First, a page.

The change in wood colour with exposure to light depends on the wood species, and to be more precise, on the wood chemical composition in terms of its quality and quantity (Fiest and Hon 1984). The most important photochemical changes are seen in lignin, with extractives also playing an important role. Lignin and polyphenols absorb light strongly below 200 nm and have a strong peak at 280 nm with absorption down through the visible region. Extractives usually have the ability to absorb light between 300 nm and 400 nm. Consequently, most of the components in wood are capable of absorbing enough visible and UV light to undergo photochemical reactions. This adsorption leads to discolouration and degradation. Older trees tend to have a higher amount of extractives and a lower pH value (Hernández 2013).

Some researchers have discussed the effect of wavelength on photodegradation of wood. Although visible radiation is characterized by lower energy compared to the energy of UV light, this energy is still high enough to initiate photochemical reactions in wood. The wood species sensitive to visible light are, among others, pine, spruce, mahogany, cedar, oak, cherry, and walnut (Chang et al 2000; Suttie 2006; Zborowska et al. 2011; Nowaczyk-Organista and Prądzyński 2012). Oltean et al. (2010) described wood surface discoloration of selected hardwood samples due to simulated indoor sunlight exposure. According to Kataoka et al. (2007), the blue light (434 to 496 nm) causes bleaching without significantly modifying the IR spectra of lignin.

There have been many reports dealing with changes in colour parameters by light irradiation. The lightness (L*) of almost all wood species decreases while the chromaticity coordinate (b*), which indicates yellowing, increases upon exposure to light irradiation. Although Park et al. (1996) reported that the changes in carbonyl groups at around 1730 cm-1 have a close relation to those in the colour of wood, Tolvaj and Faix (1995) noted that the correlation is only statistical. This statistical nature of the correlation is attributed to the carbonyl group at around 1730 cm-1 being indicated as unconjugated, and therefore not a chromophoric group.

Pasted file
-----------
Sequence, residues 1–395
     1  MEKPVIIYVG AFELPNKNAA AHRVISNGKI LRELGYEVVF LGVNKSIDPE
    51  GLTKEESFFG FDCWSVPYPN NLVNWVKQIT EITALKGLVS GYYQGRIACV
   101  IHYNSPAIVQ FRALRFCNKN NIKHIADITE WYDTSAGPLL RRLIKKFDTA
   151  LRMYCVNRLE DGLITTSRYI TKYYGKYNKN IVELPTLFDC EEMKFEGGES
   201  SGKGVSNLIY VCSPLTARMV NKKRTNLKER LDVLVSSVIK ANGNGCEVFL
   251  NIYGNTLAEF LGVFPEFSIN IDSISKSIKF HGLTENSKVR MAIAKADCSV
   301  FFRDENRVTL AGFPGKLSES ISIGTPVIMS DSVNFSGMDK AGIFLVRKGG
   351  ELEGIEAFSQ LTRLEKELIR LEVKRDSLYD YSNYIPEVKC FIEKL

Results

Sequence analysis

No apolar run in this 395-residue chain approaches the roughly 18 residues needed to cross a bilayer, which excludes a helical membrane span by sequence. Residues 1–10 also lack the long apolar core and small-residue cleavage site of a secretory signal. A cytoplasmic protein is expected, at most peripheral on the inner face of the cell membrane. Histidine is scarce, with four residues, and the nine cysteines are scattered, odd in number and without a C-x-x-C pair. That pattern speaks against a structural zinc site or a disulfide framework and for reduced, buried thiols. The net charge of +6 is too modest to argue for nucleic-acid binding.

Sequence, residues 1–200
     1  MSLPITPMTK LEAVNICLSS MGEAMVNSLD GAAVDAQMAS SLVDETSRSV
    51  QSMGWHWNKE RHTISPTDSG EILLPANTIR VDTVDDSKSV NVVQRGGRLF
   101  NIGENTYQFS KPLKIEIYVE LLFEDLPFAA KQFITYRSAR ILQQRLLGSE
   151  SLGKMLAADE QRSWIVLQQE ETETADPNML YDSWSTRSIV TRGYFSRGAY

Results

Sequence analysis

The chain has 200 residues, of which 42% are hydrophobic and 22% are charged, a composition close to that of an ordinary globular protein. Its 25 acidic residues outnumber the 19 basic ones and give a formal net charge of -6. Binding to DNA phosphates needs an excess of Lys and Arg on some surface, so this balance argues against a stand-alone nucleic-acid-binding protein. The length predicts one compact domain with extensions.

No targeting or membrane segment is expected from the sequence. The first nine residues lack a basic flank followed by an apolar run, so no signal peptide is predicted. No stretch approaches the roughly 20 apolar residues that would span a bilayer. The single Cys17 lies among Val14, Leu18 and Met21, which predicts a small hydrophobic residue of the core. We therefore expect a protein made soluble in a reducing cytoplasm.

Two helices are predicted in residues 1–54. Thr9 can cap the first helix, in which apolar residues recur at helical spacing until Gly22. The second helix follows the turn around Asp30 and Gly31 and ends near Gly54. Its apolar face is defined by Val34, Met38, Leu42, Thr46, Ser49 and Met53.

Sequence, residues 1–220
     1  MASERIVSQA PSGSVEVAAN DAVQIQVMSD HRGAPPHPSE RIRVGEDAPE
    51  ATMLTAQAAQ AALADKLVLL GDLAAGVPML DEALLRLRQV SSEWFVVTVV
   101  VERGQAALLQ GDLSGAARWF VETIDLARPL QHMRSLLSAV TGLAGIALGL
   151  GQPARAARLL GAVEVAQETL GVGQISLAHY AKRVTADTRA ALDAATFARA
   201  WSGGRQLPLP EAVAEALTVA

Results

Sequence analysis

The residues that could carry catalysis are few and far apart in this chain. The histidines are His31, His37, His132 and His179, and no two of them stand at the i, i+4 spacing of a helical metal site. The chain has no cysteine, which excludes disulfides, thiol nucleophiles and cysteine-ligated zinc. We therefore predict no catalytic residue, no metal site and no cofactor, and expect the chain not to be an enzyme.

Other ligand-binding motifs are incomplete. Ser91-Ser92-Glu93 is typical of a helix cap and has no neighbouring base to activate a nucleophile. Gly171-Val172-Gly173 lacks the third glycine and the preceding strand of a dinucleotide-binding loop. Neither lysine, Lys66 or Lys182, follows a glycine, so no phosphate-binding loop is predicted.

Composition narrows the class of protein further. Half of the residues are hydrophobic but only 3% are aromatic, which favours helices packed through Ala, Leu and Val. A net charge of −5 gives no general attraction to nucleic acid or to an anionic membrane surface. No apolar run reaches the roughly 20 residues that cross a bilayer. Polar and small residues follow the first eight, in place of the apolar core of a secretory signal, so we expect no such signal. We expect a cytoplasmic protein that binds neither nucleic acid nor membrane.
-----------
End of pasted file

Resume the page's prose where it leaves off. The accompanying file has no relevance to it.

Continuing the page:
Moreover colour changes of wood surfaces can appear as a result of finishing (e.g. coating, chemical and thermal modification as well as surface impregnation). The influence of wood finishing has been previously described (Jankowska and Szczęsna 2011; Hochmańska et al. 2014; Teacă et al. 2013). In the furniture industry it is very important to improve aesthetics and protective properties such as resistance to light. With this aim, the wood surface is often coated with a lacquer system characterized by a different pH value. A polyurethane lacquer system has an acid hardener that causes darkening of the wood surface after coating. A water-based lacquer gives a more natural colour to the finished surface. However, it is difficult to determine whether or not the reaction of this coating influences changes in colour. Therefore, the aim of this work is to investigate the influence of pH of pine wood on resistance to light irradiation.

EXPERIMENTAL

Preparation of Samples

The investigated material was softwood of Scots pine (Pinus sylvestris L.). Samples with dimension of 40 × 15 × 5 mm (±1 mm) (long. × tang. × rad.) were prepared from the same board. They were cut from sapwood and included both early and late wood. The test samples were polished with sandpaper (400 P) prior to the investigation. Then, they were divided into three groups. The first group was the control sample. The second and third groups were dipped in acid (pH = 4.0) and alkaline (pH = 10.0) buffers, produced by Honeywell Burdick & Jackson. The investigations were performed using three samples from each variant. Three circle measuring points were marked on each sample (diameter 10 mm). The buffer treatment lasted 24 h and was performed under laboratory conditions (23 °C, 45% RH). After dipping, the samples were dried at 40 °C for 24 h. The samples humidity during experiment was constants and amounted 5.8%±0.1.